Gil Robles - San Bartolome & Associés
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 Frequently Asked Questions



 1) What is the cost of the first consultation?

- In principle, application of hourly rate; unless specific exceptions according to the complexity of the case.
 

 2) Are there costs other than the lawyer’s costs and fees?

- Yes, there are costs for the court clerk, bailiff, experts or other real costs that must be distinguished from provisions on fees. These costs are recoverable if the proceedings succeed.
 

 3) If a trial is lost, must the fees of the opposing lawyer be paid?

- Claimability of lawyers’ costs and fees is governed by the law of 21 April 2007 (Mon. b., 31 May 2007, p. 29541). A royal decree of 26 October 2007 fixed, on 1st January 2008, the increased amount of compensation for proceedings and brought into force articles 1 to 13 of the law of 21 April 2007 (Mon. b., 9 November 2007, p. 56834). In sum, this law allows for the succumbing party to be ordered to pay compensation for proceedings that are higher than in the past. It is collected as an all-inclusive intervention in the costs and fees of the lawyer of the party whose case comes to a successful conclusion.
 

 4) Is the presence of the person involved in a trial required during proceedings?

- If criminal proceedings or proceedings involving family law are involved, presence is either required or desirable. For civil and commercial proceedings, the person involved in the trial can be represented perfectly well by his or her lawyer.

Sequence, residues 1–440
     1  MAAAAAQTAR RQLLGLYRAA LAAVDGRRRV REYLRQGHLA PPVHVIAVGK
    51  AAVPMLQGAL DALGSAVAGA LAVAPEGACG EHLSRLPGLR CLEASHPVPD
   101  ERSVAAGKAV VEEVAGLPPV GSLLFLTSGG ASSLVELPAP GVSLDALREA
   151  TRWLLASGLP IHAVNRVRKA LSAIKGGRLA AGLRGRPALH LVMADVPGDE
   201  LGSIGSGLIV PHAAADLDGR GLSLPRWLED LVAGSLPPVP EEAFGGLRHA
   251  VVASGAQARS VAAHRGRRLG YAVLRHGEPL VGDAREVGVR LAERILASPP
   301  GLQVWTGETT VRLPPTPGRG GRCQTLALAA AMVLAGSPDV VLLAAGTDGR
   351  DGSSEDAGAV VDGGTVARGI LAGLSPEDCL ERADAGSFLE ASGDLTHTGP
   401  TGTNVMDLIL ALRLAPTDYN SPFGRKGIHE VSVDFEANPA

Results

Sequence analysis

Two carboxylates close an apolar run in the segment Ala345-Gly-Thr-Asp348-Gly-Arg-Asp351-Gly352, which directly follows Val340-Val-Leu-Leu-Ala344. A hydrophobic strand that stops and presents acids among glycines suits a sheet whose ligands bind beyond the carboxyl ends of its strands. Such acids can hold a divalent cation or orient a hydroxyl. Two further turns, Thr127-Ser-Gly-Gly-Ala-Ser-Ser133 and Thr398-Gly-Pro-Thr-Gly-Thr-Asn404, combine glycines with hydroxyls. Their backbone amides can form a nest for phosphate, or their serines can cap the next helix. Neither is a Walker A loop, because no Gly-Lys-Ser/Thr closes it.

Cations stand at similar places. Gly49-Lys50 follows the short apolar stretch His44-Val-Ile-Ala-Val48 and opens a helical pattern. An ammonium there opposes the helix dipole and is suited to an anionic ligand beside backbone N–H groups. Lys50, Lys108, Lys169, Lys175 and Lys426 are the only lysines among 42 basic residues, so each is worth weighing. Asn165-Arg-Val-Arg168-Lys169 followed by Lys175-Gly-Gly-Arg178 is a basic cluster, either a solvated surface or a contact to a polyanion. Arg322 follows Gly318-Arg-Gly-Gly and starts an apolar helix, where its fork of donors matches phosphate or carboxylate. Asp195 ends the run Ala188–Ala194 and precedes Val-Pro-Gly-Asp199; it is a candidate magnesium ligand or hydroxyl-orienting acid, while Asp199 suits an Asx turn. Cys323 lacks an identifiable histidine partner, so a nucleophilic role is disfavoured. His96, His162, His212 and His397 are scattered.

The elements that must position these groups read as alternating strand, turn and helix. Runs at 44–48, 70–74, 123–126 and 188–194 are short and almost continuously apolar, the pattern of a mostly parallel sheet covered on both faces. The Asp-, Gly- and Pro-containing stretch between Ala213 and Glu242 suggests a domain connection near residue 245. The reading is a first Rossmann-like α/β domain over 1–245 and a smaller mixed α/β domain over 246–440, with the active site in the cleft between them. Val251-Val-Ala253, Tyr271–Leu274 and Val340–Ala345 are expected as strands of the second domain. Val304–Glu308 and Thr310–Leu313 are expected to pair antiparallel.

5) What is the average amount of time for scheduling a hearing after a summons has been served?

- According to the court where the case is to be heard, the average minimum time is around three weeks. This period of time may be reduced in case of summary jurisdiction and procedure in matters of special urgency. Unfortunately, the period is longer in proceedings before some courts which are particularly crowded such as the Juvenile Court.
 

 6) What language will be used during the proceedings?

- If a civil suit is being tried involving a person domiciled in Flanders, Dutch will be spoken; if a person domiciled in Wallonia is involved, French will be spoken; if a person domiciled in a bilingual region is concerned, proceedings can be instituted in one or the other of the national languages. A defendant residing in a bilingual area will be entitled to request that the language for the proceedings be changed.
 

 7) What is the court’s place of competence?

- In the area of family law, the court’s competence will be determined by the last conjugal domicile of the spouses or by the place of residence of the child for proceedings before the Juvenile Court or proceedings involving any rights or obligations with regard to children. In civil cases, competence will be determined according to the domicile of the defendant. In commercial matters, the general conditions accepted between the parties can depart from this principle.
 

 8) Does territorial competence apply for lawyers?

- A lawyer registered with any Belgian Bar is entitled to plea anywhere on Belgian soil. For any writ concerning proceedings, the services of a local bailiff must be called on.
 

 9) Can a Belgian lawyer intervene abroad?

- A number of foreign bar associations such as the Paris Bar have signed cooperation agreements with the Belgian Bars making it possible for a Belgian lawyer to plea before jurisdictions coming within their competence. In other cases, the Belgian lawyer will act as counsel and see to it that he is assisted by a local lawyer.
 
 
     
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